• Oddly, the report did not recommend that Josephine maximize her TFSA contribution room of $15,000. The report focused on the investment product but not the account. The good news is the report did recommend that she does not put any more money into the RRSPs but instead of investing all the excess money into a life insurance contract, she should maximize the TFSA.
  • The report recommended that she was in a financial position to take higher risks because of the inherent guarantees in the with the seg fund product. At 60 and widowed, the report failed to address the fact that she did not NEED to take any risks. With CPP, OAS and a residual pension from her late husband, she had a decent income. Add in an income stream from the RRSPs and she also had an income cushion or surplus. If she took the entire $400,000 and put it in a sock drawer earning no interest, she would still be fine. If she put it in a GIC, despite the inefficient taxation, she might have the added bonus of just keep up with inflation. She really appreciated this perspective because the risk of the market was a big concern.
  • The report did not properly address the impact of an annual 3.2% fee. If you do the math, 3.2% on a $400,000 portfolio equates to $12,800 per year in fees being charged against the account. That’s a heck of a lot more than the fee she paid me to review her plan.

Important disclaimers

In the end, despite paying a fee for our meeting, she saved more money by not implementing all the recommendations in the FREE plan.

This article is based on the experience of one person. Not all financial advisors will act in this manner. My point is simple … be careful of FREE consultations and FREE financial and retirement plans. Ask why they are free and how the advisor is going to make money. Watch the final recommendations and see if they are mostly product oriented. A good plan takes me an average of 5 hours to do it right. A good plan will focus on good planning advice on good product recommendations.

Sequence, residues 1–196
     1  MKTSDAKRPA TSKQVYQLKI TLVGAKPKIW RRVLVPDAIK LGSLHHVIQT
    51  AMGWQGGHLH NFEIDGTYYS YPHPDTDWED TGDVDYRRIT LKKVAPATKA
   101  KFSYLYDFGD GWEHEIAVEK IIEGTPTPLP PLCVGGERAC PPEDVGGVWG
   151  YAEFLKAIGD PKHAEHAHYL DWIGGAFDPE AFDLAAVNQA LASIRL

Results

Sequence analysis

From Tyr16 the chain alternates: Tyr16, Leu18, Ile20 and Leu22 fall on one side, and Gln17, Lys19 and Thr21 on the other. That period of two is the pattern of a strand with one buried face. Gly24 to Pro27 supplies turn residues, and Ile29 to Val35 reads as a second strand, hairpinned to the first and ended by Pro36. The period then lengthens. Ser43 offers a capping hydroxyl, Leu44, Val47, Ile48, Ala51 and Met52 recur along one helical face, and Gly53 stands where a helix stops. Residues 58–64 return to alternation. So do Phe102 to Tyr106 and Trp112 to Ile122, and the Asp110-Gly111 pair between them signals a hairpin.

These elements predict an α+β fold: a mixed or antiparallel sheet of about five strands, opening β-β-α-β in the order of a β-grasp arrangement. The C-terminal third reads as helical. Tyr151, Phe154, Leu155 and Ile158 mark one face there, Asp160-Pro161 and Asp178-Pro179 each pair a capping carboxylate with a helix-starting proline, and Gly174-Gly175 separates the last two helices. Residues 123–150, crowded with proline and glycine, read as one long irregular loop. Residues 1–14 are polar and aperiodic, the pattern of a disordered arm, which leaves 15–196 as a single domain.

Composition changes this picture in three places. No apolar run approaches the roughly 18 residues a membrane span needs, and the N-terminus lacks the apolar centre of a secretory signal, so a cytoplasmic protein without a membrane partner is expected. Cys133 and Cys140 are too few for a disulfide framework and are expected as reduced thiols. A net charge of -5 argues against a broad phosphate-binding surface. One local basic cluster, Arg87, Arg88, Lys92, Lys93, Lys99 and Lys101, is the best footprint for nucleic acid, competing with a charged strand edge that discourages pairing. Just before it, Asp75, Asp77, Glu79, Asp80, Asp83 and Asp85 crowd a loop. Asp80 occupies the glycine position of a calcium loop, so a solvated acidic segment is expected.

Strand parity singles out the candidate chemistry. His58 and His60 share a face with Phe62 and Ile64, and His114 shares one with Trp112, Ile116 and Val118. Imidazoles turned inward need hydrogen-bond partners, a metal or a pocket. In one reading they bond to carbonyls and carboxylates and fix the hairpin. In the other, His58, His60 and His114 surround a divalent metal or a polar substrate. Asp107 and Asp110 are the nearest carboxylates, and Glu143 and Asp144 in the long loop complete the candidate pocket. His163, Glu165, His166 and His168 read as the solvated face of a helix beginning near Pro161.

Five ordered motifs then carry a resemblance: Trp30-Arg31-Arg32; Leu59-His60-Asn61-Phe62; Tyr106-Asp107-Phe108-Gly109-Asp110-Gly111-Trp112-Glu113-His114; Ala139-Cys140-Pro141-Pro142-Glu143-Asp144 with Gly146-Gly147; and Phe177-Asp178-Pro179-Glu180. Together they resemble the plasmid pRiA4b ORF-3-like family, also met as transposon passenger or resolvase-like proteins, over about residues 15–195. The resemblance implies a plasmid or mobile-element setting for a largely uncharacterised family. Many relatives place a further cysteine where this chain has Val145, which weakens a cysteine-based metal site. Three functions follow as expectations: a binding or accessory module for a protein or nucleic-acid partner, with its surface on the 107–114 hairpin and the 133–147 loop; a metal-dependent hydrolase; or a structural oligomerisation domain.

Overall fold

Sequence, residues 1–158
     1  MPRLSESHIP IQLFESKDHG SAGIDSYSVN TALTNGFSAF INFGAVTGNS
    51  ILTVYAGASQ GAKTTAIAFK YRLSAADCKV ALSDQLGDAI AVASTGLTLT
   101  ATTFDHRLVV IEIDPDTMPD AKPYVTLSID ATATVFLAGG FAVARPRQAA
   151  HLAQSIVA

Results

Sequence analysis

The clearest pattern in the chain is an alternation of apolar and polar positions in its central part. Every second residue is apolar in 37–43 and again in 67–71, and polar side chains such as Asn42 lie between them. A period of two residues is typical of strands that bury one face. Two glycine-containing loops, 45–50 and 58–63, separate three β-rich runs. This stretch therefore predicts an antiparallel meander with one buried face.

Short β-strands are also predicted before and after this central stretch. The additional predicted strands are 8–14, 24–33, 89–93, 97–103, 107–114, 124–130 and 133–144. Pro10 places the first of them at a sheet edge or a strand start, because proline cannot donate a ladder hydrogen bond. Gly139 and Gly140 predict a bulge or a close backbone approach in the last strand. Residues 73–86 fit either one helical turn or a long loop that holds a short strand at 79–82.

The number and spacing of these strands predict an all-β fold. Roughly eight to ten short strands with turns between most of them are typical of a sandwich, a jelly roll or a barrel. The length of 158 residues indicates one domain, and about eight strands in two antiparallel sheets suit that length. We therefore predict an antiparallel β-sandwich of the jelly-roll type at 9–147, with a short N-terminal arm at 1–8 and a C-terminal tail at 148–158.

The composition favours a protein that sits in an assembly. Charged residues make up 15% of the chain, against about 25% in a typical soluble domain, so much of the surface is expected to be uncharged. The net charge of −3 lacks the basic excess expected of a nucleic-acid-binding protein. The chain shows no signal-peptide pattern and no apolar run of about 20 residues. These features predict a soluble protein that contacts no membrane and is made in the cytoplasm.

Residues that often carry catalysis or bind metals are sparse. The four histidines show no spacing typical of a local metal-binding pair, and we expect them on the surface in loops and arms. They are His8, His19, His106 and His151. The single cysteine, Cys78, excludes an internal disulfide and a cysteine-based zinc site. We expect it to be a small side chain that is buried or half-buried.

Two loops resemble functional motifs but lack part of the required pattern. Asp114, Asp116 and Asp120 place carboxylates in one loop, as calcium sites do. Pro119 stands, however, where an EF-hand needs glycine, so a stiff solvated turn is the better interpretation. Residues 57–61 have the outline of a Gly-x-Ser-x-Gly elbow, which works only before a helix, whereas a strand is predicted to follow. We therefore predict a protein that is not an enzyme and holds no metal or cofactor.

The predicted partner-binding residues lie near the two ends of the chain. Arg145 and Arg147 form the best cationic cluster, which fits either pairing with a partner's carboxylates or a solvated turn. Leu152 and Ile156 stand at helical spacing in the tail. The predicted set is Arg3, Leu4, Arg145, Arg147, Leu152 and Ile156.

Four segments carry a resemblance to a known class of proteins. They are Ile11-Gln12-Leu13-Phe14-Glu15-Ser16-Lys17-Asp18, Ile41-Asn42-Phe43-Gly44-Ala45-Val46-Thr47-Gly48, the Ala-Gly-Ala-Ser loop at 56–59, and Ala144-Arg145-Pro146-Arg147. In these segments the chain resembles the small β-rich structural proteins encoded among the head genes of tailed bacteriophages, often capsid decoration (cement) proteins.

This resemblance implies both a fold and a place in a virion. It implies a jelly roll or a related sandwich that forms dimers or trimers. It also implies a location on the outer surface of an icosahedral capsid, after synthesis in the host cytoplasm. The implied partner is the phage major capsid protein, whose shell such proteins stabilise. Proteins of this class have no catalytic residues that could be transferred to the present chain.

Just because you are paying a fee for a plan does not always mean it will be a good plan. That’s one of the things that can make this whole business and industry frustrating. Ask for a sample report before you pay. Ask to talk to a client that has paid a fee to see if they were happy with what they got.


  1. Ross Taylor

    Hi Jim – very good points you make here. I just wanted to add, in my case I always offer free consultations – even for fee based financial planning services. This gives the client a chance to check me out, my office, my staff, and whether or not s/he feels we could be compatible. I liken it to sampling at the grocery store. Only in the specific instance where the client eventually becomes a mortgage client would I earn a commission.

  2. Janet Hutchins

    Very good case study. There is something to be said that you get what you pay for. There is also something to be said about getting a second opinion. For a major purchase, one should get three different quotes and carefully compare what each is offering to do. In this way, a consumer might notice that one was all about products and the other was more comprehensive about strategy.

  3. larry macdonald

    Great post. Shows how some advisors are really just salespersons

  4. sardar

    people usually don’t believe salesmen but believe in people who sells products under cover of free advice, always look for best timely information on your own then discuss with advisers not only just listen